Human and Natural Influences on the Changing Thermal Structure of the Atmosphere

TitleHuman and Natural Influences on the Changing Thermal Structure of the Atmosphere
Publication TypeJournal Article
Year of Publication2013
JournalProceedings of the National Academy of Sciences of the United States of America
Number43
Pages17169-17170
Date Published09/2013
Abstract / Summary

Since the late 1970s, satellite-based instruments have monitored global changes in atmospheric temperature. These measurements reveal multidecadal tropospheric warming and stratospheric cooling, punctuated by short-term volcanic signals of reverse sign. Similar long- and short-term temperature signals occur in model simulations driven by human-caused changes in atmospheric composition and natural variations in volcanic aerosols. Most previous comparisons of modeled and observed atmospheric temperature changes have used results from individual models and individual observational records. In contrast, we rely on a large multimodel archive and multiple observational datasets. We show that a human-caused latitude/altitude pattern of atmospheric temperature change can be identified with high statistical confidence in satellite data. Results are robust to current uncertainties in models and observations. Virtually all previous research in this area has attempted to discriminate an anthropogenic signal from internal variability. Here, we present evidence that a human-caused signal can also be identified relative to the larger "total" natural variability arising from sources internal to the climate system, solar irradiance changes, and volcanic forcing. Consistent signal identification occurs because both internal and total natural variability (as simulated by state-of-the-art models) cannot produce sustained global-scale tropospheric warming and stratospheric cooling. Our results provide clear evidence for a discernible human influence on the thermal structure of the atmosphere.

DOI10.1073/pnas.1316025110
Journal: Proceedings of the National Academy of Sciences of the United States of America
Year of Publication: 2013
Number: 43
Pages: 17169-17170
Date Published: 09/2013

Since the late 1970s, satellite-based instruments have monitored global changes in atmospheric temperature. These measurements reveal multidecadal tropospheric warming and stratospheric cooling, punctuated by short-term volcanic signals of reverse sign. Similar long- and short-term temperature signals occur in model simulations driven by human-caused changes in atmospheric composition and natural variations in volcanic aerosols. Most previous comparisons of modeled and observed atmospheric temperature changes have used results from individual models and individual observational records. In contrast, we rely on a large multimodel archive and multiple observational datasets. We show that a human-caused latitude/altitude pattern of atmospheric temperature change can be identified with high statistical confidence in satellite data. Results are robust to current uncertainties in models and observations. Virtually all previous research in this area has attempted to discriminate an anthropogenic signal from internal variability. Here, we present evidence that a human-caused signal can also be identified relative to the larger "total" natural variability arising from sources internal to the climate system, solar irradiance changes, and volcanic forcing. Consistent signal identification occurs because both internal and total natural variability (as simulated by state-of-the-art models) cannot produce sustained global-scale tropospheric warming and stratospheric cooling. Our results provide clear evidence for a discernible human influence on the thermal structure of the atmosphere.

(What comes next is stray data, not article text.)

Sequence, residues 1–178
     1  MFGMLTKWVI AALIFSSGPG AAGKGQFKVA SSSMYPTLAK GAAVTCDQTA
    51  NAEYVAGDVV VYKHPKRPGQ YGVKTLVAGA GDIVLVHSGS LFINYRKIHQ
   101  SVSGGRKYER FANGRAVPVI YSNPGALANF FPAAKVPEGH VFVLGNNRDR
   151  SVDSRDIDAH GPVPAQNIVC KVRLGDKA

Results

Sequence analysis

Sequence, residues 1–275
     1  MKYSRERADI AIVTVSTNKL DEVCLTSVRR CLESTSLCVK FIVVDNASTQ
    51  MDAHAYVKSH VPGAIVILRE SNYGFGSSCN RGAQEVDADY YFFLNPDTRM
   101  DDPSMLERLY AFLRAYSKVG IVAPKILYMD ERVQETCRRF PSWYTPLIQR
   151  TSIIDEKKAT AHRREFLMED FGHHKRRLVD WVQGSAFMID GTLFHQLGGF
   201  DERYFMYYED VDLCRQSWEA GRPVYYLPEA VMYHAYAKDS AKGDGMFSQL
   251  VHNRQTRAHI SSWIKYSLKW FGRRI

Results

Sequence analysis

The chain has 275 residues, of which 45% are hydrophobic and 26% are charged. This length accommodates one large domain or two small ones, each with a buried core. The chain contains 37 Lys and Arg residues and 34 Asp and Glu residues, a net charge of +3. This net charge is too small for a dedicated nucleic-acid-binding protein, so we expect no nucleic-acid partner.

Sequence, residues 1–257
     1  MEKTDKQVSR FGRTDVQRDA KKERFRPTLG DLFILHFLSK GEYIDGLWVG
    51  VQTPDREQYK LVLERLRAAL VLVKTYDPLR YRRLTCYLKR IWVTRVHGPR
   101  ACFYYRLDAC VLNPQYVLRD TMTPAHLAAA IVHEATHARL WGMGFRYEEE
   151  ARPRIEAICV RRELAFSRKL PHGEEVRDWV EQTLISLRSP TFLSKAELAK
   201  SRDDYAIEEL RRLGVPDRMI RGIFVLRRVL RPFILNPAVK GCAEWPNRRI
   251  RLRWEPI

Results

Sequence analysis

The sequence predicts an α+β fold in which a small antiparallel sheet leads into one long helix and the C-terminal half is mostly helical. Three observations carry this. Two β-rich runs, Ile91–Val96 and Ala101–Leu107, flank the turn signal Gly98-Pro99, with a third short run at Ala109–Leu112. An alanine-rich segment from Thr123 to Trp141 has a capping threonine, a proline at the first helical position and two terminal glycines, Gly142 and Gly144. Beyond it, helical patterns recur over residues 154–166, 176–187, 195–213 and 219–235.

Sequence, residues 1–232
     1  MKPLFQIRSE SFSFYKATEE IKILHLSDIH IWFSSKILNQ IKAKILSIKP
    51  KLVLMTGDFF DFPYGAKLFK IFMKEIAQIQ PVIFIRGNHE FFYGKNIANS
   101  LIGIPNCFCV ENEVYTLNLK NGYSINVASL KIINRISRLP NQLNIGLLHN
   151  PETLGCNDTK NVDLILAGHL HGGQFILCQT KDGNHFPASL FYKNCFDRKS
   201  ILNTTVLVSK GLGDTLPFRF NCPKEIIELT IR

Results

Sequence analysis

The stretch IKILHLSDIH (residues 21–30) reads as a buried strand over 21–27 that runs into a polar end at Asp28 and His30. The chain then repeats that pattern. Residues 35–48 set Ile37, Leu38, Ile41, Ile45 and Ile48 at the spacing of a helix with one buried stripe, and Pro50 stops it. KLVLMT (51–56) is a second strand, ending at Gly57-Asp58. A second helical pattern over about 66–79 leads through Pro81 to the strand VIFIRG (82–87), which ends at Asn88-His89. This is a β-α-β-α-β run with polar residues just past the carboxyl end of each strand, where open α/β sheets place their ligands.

DOI: 10.1073/pnas.1316025110
Citation:
Santer, BD, JF Painter, C Bonfils, CA Mears, S Solomon, TM Wigley, PJ Glecker, et al.  2013.  "Human and Natural Influences on the Changing Thermal Structure of the Atmosphere."  Proceedings of the National Academy of Sciences of the United States of America 17169-17170.  https://doi.org/10.1073/pnas.1316025110.